Concept

Francis Bitter

Summary
Francis Bitter (July 22, 1902 – July 26, 1967) was an American physicist. Bitter invented the Bitter plate used in resistive magnets (also called Bitter electromagnets). He also developed the water cooling method inherent to the design of Bitter magnets. Prior to this development, there was no way to cool electromagnets, limiting their maximum flux density. Early life Francis Bitter was born in Weehawken, New Jersey. His father, Karl Bitter, was a prominent sculptor. Bitter entered the University of Chicago in 1919, but chose to leave his studies there in 1922 to visit Europe. He later transferred to Columbia University and graduated in 1925. He continued his studies in Berlin from 1925 to 1926 and received a PhD at Columbia in 1928. At Columbia, Bitter began his lifelong fascination with magnets. Career Under a National Research Council fellowship, Bitter studied gases at Caltech with Robert Andrews Millikan, from 1928 to 1930. While at Caltech, he married the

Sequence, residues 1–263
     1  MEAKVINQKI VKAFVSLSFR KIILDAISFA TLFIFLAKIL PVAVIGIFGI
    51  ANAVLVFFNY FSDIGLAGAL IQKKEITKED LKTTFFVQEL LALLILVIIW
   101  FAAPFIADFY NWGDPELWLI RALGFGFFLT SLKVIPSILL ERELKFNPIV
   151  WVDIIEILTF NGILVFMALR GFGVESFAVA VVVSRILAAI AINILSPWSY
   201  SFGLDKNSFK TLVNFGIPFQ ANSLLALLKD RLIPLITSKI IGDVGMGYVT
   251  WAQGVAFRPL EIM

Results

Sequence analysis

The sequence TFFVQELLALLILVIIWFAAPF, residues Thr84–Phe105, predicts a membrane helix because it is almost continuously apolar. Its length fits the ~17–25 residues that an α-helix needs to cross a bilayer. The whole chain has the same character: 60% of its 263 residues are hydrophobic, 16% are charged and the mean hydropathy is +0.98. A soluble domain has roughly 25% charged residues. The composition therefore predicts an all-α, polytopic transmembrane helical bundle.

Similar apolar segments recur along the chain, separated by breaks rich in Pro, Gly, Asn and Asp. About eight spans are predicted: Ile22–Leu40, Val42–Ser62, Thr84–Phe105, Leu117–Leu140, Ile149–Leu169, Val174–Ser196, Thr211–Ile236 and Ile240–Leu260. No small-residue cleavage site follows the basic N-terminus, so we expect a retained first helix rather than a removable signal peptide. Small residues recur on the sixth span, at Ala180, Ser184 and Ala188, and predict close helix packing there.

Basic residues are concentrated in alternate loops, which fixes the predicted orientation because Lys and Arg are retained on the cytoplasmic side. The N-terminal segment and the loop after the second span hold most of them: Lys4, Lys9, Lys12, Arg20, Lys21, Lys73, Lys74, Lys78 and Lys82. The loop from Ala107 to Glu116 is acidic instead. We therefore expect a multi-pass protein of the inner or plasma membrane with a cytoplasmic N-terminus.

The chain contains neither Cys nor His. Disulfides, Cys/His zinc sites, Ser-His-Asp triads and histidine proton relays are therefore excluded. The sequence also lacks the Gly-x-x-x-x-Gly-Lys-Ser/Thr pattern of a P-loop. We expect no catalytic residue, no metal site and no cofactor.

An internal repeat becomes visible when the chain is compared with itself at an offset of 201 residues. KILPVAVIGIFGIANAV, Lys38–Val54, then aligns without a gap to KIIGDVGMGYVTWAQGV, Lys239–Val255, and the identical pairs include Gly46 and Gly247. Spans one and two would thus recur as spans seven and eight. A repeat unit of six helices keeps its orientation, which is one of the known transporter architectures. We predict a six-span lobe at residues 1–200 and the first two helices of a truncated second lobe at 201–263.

About this result
This page is automatically generated and may contain information that is not correct, complete, up-to-date, or relevant to your search query. The same applies to every other page on this website. Please make sure to verify the information with EPFL's official sources.
Related publications

Loading

Related people

Loading

Related units

Loading

Related concepts

Loading

Related courses

Loading

Related lectures

Loading